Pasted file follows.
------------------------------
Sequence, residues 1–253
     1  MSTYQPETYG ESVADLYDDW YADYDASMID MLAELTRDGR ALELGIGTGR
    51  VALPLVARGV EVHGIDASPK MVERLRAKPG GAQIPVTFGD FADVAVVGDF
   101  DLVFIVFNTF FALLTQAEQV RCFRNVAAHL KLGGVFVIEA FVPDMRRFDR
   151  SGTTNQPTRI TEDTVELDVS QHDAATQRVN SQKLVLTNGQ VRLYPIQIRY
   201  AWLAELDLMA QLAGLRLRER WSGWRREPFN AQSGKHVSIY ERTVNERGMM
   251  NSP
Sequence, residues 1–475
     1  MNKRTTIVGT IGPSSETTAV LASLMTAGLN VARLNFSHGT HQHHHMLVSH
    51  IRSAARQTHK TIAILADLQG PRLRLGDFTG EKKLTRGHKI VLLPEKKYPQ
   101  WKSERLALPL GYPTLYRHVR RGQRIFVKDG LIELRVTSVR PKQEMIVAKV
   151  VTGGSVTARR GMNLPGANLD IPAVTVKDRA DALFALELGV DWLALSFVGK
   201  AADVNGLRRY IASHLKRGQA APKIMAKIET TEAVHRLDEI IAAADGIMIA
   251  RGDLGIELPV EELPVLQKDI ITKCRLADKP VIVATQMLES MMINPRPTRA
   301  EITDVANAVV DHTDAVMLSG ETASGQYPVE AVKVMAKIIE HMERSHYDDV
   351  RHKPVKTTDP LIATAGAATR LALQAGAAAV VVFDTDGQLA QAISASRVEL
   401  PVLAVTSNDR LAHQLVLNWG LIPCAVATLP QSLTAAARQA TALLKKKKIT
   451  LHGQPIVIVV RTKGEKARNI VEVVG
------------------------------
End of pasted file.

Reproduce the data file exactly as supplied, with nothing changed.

Sequence, residues 1–253
     1  MSTYQPETYG ESVADLYDDW YADYDASMID MLAELTRDGR ALELGIGTGR
    51  VALPLVARGV EVHGIDASPK MVERLRAKPG GAQIPVTFGD FADVAVVGDF
   101  DLVFIVFNTF FALLTQAEQV RCFRNVAAHL KLGGVFVIEA FVPDMRRFDR
   151  SGTTNQPTRI TEDTVELDVS QHDAATQRVN SQKLVLTNGQ VRLYPIQIRY
   201  AWLAELDLMA QLAGLRLRER WSGWRREPFN AQSGKHVSIY ERTVNERGMM
   251  NSP
Sequence, residues 1–475
     1  MNKRTTIVGT IGPSSETTAV LASLMTAGLN VARLNFSHGT HQHHHMLVSH
    51  IRSAARQTHK TIAILADLQG PRLRLGDFTG EKKLTRGHKI VLLPEKKYPQ
   101  WKSERLALPL GYPTLYRHVR RGQRIFVKDG LIELRVTSVR PKQEMIVAKV
   151  VTGGSVTARR GMNLPGANLD IPAVTVKDRA DALFALELGV DWLALSFVGK
   201  AADVNGLRRY IASHLKRGQA APKIMAKIET TEAVHRLDEI IAAADGIMIA
   251  RGDLGIELPV EELPVLQKDI ITKCRLADKP VIVATQMLES MMINPRPTRA
   301  EITDVANAVV DHTDAVMLSG ETASGQYPVE AVKVMAKIIE HMERSHYDDV
   351  RHKPVKTTDP LIATAGAATR LALQAGAAAV VVFDTDGQLA QAISASRVEL
   401  PVLAVTSNDR LAHQLVLNWG LIPCAVATLP QSLTAAARQA TALLKKKKIT
   451  LHGQPIVIVV RTKGEKARNI VEVVG